The Potential Risks and Future Impact of a Large Leverett Glacier Crevasse along the South Pole Traverse (SPoT)
ERDC-CRREL Hanover United States
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In December 2013, the inbound South Pole Traverse SPoT encountered a large approximately 15 m 4 km open crevasse at the bottom of Leverett Glacier near the traverse route. A crevasse of this size so close to the traverse route could impede future traverses, resulting in significant delays or reroutes, and could pose a significant safety hazard to the SPoT personnel, vehicles, and equipment should it grow or migrate. These risks are difficult to quantify as the glaciological and meteorological setting around Leverett Glacier is particularly dynamic. The uncertainty estimates associated with the possible future growth of the crevasse are thus not well constrained. This report presents a compiled time-series analysis of satellite-derived multispectral imagery, satellite-derived ice-velocity data, and ground-based meteorological data in an effort to determine the timing and dynamics related to the appearance, growth, and migration of this crevasse. Though this study determined that the potential hazard posed by this crevasse is minimal to the existing SPoT route and personnel, the author recommends for future traverses a small 1 km course reroute correction, new ground-based radar and global positioning system GPS surveys, and continued vigilance and proactive hazard awareness with active real-time surveys.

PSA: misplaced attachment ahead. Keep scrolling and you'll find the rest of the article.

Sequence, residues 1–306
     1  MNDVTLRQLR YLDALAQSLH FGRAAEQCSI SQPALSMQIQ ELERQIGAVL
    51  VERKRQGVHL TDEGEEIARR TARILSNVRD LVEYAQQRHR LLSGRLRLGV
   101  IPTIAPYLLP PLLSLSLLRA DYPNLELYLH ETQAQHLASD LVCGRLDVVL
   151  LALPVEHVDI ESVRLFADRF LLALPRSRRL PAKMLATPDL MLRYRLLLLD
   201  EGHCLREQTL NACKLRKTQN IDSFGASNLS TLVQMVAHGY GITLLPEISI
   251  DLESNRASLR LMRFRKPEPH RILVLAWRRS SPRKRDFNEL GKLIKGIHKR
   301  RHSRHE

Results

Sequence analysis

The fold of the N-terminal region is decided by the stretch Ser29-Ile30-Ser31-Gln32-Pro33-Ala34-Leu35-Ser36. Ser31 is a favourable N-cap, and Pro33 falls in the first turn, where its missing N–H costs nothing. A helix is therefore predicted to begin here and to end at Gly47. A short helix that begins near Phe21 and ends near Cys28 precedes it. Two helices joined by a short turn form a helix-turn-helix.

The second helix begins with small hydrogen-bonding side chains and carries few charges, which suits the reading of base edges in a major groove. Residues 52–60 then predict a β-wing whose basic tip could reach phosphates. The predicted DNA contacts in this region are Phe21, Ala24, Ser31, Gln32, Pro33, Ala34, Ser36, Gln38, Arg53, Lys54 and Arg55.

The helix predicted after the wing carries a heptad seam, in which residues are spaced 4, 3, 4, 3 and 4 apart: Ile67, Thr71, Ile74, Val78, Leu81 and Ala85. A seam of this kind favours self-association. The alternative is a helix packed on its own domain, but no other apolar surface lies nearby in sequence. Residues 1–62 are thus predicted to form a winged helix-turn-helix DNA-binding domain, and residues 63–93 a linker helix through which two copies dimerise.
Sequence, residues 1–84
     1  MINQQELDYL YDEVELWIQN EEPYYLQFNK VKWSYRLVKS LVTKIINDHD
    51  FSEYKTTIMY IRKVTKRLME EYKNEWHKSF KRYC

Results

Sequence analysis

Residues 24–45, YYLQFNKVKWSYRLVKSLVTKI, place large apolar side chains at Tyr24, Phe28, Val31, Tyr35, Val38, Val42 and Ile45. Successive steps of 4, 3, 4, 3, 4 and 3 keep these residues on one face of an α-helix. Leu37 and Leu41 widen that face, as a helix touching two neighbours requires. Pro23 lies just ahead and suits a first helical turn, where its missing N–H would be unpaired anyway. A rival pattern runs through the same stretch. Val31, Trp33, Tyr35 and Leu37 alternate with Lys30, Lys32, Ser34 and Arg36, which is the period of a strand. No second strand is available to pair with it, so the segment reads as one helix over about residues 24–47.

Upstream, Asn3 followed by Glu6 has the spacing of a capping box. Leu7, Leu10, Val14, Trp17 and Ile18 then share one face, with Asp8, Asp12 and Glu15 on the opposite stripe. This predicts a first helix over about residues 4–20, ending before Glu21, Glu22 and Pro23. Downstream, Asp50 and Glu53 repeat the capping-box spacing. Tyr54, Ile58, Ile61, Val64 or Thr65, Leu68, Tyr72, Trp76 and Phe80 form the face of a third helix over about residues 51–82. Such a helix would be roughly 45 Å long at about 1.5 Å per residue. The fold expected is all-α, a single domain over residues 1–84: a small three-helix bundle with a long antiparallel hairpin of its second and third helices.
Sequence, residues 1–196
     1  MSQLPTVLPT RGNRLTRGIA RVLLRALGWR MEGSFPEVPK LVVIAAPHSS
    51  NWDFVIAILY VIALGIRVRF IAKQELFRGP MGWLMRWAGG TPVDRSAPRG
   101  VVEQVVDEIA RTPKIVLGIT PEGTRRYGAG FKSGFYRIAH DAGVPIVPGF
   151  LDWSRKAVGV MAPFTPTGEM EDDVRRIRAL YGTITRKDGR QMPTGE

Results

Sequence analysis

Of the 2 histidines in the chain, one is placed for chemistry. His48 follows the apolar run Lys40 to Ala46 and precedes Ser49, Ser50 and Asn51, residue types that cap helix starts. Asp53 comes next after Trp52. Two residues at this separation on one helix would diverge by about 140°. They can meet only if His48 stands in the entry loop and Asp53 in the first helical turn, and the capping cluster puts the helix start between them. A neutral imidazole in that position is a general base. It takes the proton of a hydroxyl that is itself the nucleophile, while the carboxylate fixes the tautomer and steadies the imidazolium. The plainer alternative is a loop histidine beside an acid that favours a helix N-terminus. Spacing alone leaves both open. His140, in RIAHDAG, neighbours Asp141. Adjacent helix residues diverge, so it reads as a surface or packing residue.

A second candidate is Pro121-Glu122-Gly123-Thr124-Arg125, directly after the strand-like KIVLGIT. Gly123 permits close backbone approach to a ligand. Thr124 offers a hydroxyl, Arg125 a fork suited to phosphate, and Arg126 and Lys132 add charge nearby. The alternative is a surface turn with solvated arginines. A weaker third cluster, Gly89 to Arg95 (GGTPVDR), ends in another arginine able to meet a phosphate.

- Snow, Ice and Permafrost